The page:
In This Issue...
Call for Proposals to Create Additive Manufacturing Innovation Institute
The federal government issued on May 9, 2012, a solicitation for proposals from teams led by non-profit organizations or universities to establish an Additive Manufacturing Innovation Institute, which would serve as a pilot—or proof-of-concept prototype—for President Obama's proposed National Network for Manufacturing Innovation (NNMI).
According to the Broad Agency Announcement* issued by the Department of Defense (DOD), the government anticipates awarding a total of $30 million over 30 months, with at least an equivalent cost-share contribution by the winning applicant. The pilot institute award and management will be a cross-agency effort, but will primarily be led by the Office of the Deputy Assistant Secretary of Defense for Manufacturing and Industrial Base Policy, executed through the Air Force Research Laboratory.
Partnering with the DOD are the Department of Commerce (DOC), the Department of Energy (DOE), NASA and the National Science Foundation. After the awardee is selected, DOC’s National Institute of Standards and Technology (NIST) will provide an additional $5 million.
Additive manufacturing, sometimes called “3D printing,” is a group of new technologies that build up objects by adding materials, usually by laying down many thin layers. It is so called to distinguish it from traditional machining that creates objects by cutting material away. The solicitation seeks proposals, including technical and business plans, detailing steps to accelerate research, development, and demonstration in additive manufacturing and transition technology to manufacturing enterprises within the United States.
The goal of the pilot institute is to increase the successful transition of additive manufacturing technology through advanced manufacturing innovation create an adaptive workforce capable of meeting industry needs, further increasing domestic competitiveness; and meet DOD, DOE and other participating civilian agency requirements.
The detailed solicitation is at number BAA-12-17-PKM at FedBizOps.gov. See https://www.fbo.gov/?s=opportunity&mode=form&id=2bbada5cae4ab97438dc3f57fed050d0. The deadline for proposals is 3:00 pm, June 14, 2012, Eastern time.
* For more details, see the announcement “Government Seeks Proposals for Additive Manufacturing Innovation Institute” at Manufacturing.gov: http://manufacturing.gov/amp/news-050912.html.
Media Contact: Mark Bello, firstname.lastname@example.org, (301) 975-3776
NIST Contributes to Discovery of Novel Quantum Spin-Liquid
Gaithersburg, Md.—An international team of researchers including scientists from the National Institute of Standards and Technology (NIST) has found what may be the first known example of a "spin-orbital liquid," a substance in a never-before-seen quantum mechanical state.
The discovery, reported May 4, 2012, in the journal Science, has been sought for years by the physics community. Though the team does not posit immediate applications for the material, its properties relate to the same quantum effects that give rise to superconductivity, in which electricity flows through a material with no resistance, and superfluidity, in which a liquid flows across a surface with no friction.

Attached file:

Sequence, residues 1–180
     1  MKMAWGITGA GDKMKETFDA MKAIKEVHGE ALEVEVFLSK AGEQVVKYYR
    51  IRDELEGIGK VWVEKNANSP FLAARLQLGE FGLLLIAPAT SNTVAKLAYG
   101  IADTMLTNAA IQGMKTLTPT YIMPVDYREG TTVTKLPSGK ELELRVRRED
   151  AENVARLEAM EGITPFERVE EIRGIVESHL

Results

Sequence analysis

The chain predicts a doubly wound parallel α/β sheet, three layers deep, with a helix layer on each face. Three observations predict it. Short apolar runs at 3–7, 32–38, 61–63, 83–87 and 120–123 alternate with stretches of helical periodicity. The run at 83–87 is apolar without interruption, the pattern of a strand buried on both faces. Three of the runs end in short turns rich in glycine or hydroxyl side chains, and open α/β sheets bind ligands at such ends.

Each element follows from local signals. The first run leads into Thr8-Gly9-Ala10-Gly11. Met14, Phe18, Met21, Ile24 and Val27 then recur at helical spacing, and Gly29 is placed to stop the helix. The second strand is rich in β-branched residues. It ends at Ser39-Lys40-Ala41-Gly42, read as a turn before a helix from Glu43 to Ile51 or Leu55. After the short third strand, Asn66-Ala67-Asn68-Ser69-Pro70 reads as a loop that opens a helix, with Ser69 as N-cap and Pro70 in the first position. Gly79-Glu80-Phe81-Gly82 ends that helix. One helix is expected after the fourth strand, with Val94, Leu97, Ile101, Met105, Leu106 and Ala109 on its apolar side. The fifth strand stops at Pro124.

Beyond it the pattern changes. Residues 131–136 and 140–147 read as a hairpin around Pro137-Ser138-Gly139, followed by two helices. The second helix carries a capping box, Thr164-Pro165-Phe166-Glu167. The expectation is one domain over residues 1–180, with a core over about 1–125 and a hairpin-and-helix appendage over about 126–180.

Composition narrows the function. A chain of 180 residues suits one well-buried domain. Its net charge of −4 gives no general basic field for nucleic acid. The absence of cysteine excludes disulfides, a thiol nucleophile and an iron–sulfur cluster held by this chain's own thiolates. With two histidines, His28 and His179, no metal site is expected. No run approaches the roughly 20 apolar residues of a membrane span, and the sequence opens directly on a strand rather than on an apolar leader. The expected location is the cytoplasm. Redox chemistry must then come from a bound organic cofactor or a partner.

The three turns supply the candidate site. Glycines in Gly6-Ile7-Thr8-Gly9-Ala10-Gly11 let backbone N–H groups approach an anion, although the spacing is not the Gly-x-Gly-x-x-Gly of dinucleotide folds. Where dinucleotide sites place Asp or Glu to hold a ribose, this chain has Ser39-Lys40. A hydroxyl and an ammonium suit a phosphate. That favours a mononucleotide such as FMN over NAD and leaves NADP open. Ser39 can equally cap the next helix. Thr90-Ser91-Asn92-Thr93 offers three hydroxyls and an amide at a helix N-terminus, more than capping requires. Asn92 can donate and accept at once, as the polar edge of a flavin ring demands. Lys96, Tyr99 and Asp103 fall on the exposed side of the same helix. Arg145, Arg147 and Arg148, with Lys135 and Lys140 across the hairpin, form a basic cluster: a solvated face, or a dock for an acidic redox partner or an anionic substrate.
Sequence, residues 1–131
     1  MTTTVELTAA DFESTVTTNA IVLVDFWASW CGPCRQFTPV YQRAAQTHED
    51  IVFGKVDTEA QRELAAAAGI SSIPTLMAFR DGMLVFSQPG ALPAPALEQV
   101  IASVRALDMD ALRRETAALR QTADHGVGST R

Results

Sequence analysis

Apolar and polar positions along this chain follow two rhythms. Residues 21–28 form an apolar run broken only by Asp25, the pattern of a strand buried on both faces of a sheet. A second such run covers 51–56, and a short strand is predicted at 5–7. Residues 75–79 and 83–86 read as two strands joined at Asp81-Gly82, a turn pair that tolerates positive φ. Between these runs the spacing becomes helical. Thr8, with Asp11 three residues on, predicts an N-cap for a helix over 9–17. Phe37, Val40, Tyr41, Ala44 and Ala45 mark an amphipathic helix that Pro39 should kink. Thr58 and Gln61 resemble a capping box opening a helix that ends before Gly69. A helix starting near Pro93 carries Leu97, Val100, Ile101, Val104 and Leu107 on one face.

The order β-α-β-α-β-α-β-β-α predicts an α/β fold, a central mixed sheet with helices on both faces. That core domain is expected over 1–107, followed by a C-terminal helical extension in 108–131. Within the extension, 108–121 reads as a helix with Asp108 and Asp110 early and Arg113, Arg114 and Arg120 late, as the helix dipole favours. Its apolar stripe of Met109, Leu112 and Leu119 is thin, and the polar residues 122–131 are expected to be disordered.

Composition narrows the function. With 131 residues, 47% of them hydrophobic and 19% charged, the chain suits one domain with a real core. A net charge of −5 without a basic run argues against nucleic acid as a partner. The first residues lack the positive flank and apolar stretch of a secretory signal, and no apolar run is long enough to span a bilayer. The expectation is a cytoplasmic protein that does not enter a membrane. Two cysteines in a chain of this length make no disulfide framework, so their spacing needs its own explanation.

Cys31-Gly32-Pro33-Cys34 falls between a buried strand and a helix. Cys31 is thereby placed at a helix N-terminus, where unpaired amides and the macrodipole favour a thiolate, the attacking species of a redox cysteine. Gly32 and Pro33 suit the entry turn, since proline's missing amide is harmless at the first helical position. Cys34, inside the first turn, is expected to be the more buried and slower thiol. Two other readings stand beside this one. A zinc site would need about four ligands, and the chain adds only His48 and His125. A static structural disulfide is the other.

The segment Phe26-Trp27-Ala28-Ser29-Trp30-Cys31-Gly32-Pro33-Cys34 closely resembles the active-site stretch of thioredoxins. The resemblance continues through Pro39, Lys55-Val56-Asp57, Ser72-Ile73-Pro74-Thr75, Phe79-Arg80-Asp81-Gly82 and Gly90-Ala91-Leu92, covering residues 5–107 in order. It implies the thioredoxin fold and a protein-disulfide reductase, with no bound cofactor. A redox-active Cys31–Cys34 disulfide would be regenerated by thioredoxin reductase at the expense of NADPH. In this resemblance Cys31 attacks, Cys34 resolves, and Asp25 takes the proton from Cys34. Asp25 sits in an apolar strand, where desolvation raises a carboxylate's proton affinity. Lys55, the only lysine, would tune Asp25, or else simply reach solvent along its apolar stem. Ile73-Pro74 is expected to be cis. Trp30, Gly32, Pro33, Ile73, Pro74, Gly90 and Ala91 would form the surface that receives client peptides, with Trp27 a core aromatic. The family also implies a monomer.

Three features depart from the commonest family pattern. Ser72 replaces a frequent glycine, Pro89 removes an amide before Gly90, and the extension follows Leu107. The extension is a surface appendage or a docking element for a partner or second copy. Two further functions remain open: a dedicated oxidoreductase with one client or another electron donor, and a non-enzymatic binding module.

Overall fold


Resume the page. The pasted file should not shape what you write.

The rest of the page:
The term "spin liquid" can be deceptive, as it describes a substance that in many ways fits our conventional understanding of a solid. Indeed, the material the team studied looks like a chunk of earth, but at the molecular level, it is made of copper, oxygen, barium and antimony atoms arranged in a crystalline lattice structure. In this particular structure the copper atoms exhibit unusual properties generally associated with liquids. Specifically, their magnetic orientation remains in a constant state of flux.
When materials with magnetic atoms—like iron—solidify, they generally do so in crystal structures whose atoms have an orderly arrangement of magnetic orientations. (When magnetic atoms interact "ferromagnetically" you get a refrigerator magnet.) Because magnetism stems from a quantum property in the atom's electrons called spin, another way of saying this is that the spins in these atoms' electrons all line up in a single direction. Ferromagnets feature an orderly, static arrangement of electron spins.
In the material the team studied, the copper atoms are positioned within the lattice in such a way that their spins incessantly disturb each other, pushing each other around so they become unable to form an ordered configuration, instead creating what is aptly termed a "frustrated" magnet.
"You'd generally expect the copper spins and the corresponding electronic orbitals to become locked into a specific pattern upon cooling, but in this case that doesn't happen," says Collin Broholm, a physicist at both the NIST Center for Neutron Research (NCNR) and the Institute for Quantum Matter at Johns Hopkins University. "While the crystalline lattice is solid, the atomic spins continue to fluctuate. These spin fluctuations embody a fluid aspect of the material, so we end up with a quantum fluid within a solid."
The research team came from several institutions, including the University of Tokyo and Nagoya and Osaka University in Japan, and the University of California, Santa Cruz, in the United States. The material itself was created at the University of Tokyo's Institute for Solid State Physics. NIST's contribution to the discovery was in neutron scattering measurements, which revealed the fluid nature of the spin systems and also provided evidence the material has a different lattice structure than had previously been assigned to it – a structure that allows the copper atoms to affect one another as they do.
"Magnetic neutron scattering gave us a clear indication of some sort of quantum mischief in this compound," Broholm says. "The data show the spins don't develop static long-range order, but instead behave as a magnetic quantum fluid. Separate nuclear diffraction measurements also at the NCNR provided essential new information about the underlying hexagonal structure."